An Iraq war veteran says American Airlines wouldn’t allow him to bring his service dog on the plane, even though he called and checked ahead of time.
Josh Rivera says he went to Tampa International Airport on Thursday with his dog, a black lab named Brady. The pair had just graduated from Southeastern Guide Dogs, and it was Rivera’s first public experience with a service animal.
The vet says he called a week ahead to find out what he needed to do for the flight back home to California from Tampa.
“At the gate I checked in, and notified them that I had a service animal with me, and they said there are no problems,” Rivera said.
However, a problem soon arose.
“They called me five or ten minutes later back to the counter and they told me I wouldn’t be able to get on the aircraft because they believed I had an emotional support animal, and that they weren’t allowed to fly on the plane,” said Rivera.
An American Airlines spokesperson told News Channel 8 by phone: “Department of Transportation requires any passenger to advise the airline ahead of time and provide proper documentation for the service animal … Emotional support dog is not considered a service dog. It requires a different type of documentation.” (Click HERE to see the documentation)
Rivera disputes that Brady is an emotional support dog, and says he tried to explain that to American Airlines supervisor Mike Stafford.
“He wasn’t listening,” says Rivera. “He wouldn’t have it. He said that the animal wouldn’t be able to get on the plane with me, and I was prevented from boarding the plane.”
Rivera served in Iraq, where he was an explosive ordinance disposal technician.
“I’ve done hundreds and hundreds of IED [improved explosive device] responses in Iraq,” Rivera said. “I was injured during those responses.”
He says he has “numerous limitations”, and his dog Brady helps him with them.
According to American Airline’s website, an “Emotional Support or Psychiatric Service” animal is one that provides support to “an individual with a mental health-related disability”. The policy states that an emotional support animal is allowed to be in the cabin, provided it is “clean, well-behaved, remains with the customer and under the customer’s control at all times”.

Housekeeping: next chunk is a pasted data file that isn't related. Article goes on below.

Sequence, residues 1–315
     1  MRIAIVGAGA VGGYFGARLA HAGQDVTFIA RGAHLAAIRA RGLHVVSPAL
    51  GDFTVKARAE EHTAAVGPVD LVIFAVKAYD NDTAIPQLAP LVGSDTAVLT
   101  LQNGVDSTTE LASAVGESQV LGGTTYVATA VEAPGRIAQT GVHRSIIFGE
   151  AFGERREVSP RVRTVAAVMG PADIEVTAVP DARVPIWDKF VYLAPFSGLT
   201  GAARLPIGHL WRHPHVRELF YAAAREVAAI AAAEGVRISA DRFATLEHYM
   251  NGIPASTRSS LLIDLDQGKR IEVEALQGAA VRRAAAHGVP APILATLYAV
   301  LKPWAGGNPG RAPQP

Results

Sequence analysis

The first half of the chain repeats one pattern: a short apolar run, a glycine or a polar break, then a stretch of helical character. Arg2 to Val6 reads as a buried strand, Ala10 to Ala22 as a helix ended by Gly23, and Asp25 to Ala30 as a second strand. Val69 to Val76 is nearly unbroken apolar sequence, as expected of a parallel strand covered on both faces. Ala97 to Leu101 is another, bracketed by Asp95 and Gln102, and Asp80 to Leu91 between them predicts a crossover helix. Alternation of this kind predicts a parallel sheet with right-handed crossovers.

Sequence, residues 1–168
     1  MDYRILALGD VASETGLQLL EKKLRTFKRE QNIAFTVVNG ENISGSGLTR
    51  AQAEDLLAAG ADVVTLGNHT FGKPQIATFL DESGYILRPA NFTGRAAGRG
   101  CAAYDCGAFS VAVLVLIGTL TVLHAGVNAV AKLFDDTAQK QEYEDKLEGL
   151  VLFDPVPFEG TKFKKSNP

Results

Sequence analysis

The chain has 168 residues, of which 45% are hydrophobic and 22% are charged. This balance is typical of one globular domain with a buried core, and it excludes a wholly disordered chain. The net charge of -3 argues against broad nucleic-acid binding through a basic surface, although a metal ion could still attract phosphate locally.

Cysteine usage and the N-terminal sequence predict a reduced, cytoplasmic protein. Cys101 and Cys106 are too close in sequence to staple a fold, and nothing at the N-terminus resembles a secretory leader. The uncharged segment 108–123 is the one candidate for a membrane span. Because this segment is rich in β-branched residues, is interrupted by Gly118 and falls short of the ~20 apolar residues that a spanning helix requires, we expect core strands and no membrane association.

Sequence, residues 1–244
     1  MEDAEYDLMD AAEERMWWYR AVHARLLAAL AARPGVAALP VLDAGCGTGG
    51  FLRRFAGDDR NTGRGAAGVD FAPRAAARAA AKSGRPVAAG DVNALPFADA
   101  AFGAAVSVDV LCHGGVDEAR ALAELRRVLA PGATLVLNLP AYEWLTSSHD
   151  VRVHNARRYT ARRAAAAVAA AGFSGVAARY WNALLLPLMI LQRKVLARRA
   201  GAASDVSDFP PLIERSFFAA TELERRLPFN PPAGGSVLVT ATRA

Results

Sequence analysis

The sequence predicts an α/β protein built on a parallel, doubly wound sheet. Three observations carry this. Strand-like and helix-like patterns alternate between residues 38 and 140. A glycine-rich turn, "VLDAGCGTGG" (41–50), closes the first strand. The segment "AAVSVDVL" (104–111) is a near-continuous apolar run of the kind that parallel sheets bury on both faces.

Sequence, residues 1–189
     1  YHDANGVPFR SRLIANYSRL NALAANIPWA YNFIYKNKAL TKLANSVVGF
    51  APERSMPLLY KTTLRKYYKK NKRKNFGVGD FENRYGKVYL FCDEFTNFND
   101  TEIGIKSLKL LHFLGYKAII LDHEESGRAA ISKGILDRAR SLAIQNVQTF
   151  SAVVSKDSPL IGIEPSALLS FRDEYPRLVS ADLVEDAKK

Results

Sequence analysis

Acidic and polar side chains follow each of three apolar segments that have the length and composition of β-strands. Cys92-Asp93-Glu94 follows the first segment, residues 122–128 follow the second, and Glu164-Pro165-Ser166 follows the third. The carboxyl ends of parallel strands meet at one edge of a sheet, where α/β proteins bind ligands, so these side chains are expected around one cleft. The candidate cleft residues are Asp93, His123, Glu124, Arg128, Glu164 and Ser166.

Rivera insists Brady is a service animal, and that his behavior is not in question.
“You can see the animal is very well-behaved,” Rivera said. “He’s professionally trained by Southeastern Guide Dogs.”
The Southeastern Guide Dogs Facebook page refers to Brady as a "Veteran Service Dog". An S.G.D. official told News Channel 8 their organization does a lot of work with veterans suffering from post-traumatic stress disorder
Rivera is not the first to have a problem like this with America Airlines. Last week, Kevin Crowell, a 20-year veteran, was traveling from Miami to Key West with his service dog Bella. American Airlines staffers told Crowell pets were not allowed in the bulkhead, even though Crowell told them Bella was a service animal.
American Airlines also responded to our questions about that case, saying: “In that instance, that was a mistake. We apologized and offered him a full refund. We are using this as a training opportunity for our employee”.
After Rivera’s experience with American Airlines on Thursday, he decided to fly Southwest instead.
“They welcomed me right in,” said Rivera. “It seems like most other airlines, if not all of them, seem to be very accommodating, except for American Airlines.”
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